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Three applications for methane gas drilling in the east Kent coalfield condemned by Green Party amid fracking fears

By Paul Francis
The Green Party has raised concerns over three applications for gas drilling in the former east Kent coal field, saying it could lead to “full-blown” fracking.
 
The three applications being dealt with by Kent County Council are in east Kent for methane gas exploration, rather than shale gas. They are for one-year licences to drill exploratory boreholes.
 
The company behind them is Coastal Oil and Gas and relate to sites at Shepherdswell, Tilmanstone and Guston in east Kent.
 
Deal With It's Rosemary Rechter and Stuart Cox protesting at Balcombe

Deal With It's Rosemary Rechter and Stuart Cox protesting at Balcombe

 
It already has planning permission to conduct exploratory gas drilling at a site near Woodnesborough, also in east Kent.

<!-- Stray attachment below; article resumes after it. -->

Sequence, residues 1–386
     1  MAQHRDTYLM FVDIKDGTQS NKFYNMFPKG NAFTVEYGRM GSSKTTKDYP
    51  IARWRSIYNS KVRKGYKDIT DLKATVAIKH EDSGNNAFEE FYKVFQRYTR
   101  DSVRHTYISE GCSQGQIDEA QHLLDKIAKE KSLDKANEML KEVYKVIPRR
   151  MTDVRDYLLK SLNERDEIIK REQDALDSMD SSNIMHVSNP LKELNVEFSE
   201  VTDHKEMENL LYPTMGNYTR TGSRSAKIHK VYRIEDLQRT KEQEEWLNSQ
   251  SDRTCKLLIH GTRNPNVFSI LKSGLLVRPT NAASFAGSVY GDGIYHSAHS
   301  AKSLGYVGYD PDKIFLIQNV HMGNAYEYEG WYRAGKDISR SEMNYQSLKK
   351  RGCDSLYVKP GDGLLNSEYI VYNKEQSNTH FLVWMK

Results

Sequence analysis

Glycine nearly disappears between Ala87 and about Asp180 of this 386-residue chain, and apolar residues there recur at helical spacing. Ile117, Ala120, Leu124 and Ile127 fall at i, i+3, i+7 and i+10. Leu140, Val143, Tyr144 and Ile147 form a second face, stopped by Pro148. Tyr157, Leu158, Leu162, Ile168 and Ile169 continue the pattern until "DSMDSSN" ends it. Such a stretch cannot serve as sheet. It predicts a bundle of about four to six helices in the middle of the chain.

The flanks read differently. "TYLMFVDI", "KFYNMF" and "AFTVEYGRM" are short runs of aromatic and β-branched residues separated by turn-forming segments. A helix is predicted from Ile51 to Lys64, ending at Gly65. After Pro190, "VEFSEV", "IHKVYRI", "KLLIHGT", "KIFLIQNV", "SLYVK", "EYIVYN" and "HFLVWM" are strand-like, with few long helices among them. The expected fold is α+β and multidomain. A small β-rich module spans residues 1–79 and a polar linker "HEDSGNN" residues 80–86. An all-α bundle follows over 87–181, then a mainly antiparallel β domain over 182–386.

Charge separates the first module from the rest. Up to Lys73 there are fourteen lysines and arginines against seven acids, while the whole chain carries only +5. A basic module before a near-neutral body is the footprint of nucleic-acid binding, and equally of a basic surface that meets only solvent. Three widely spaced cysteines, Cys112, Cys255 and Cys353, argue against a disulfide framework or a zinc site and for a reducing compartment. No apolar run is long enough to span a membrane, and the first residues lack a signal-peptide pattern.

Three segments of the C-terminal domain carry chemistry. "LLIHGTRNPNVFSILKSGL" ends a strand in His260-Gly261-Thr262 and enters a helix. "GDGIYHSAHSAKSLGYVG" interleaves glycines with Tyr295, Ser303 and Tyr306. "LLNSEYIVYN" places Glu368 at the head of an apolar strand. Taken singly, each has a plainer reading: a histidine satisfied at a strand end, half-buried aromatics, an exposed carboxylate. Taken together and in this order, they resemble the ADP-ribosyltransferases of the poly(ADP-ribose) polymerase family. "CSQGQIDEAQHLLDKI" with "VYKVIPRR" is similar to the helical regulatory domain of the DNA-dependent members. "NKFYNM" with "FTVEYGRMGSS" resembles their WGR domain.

Thanet Green councillor, Ian Driver said that if the exploratory drilling led to searching for shale gas, “east Kent could become the next Balcombe.”
 
Cllr Martin Whybrow, KCC Green Party councillor

Cllr Martin Whybrow, KCC Green Party councillor

“We totally oppose these plans. Exploratory drilling, possibly leading to full-blown fracking is a serious threat to the Kentish Stour aquifer, which supplies water to tens of thousands of homes in Ashford, Dover, Deal, Canterbury and Thanet.”
 
Green county councillor Martin Whybrow said: “I am disappointed by KCC’s plans to rush through these applications. There are very complex associated issues.
 
"People, including KCC’s own councillors and officers, need time to find out more, as reflected in some of the early optimistic and naive pronouncements from the county council.”
 
Kent County Council has emphasised the three applications are unrelated to drilling for shale gas.
 
However, some critics believe companies are masking their real intentions by submitting drilling applications for methane gas when they hope to discover shale gas.
 
Consultation on the three applications runs until October 7 and Kent County Council is expected to decide whether to give the go-ahead in late November.
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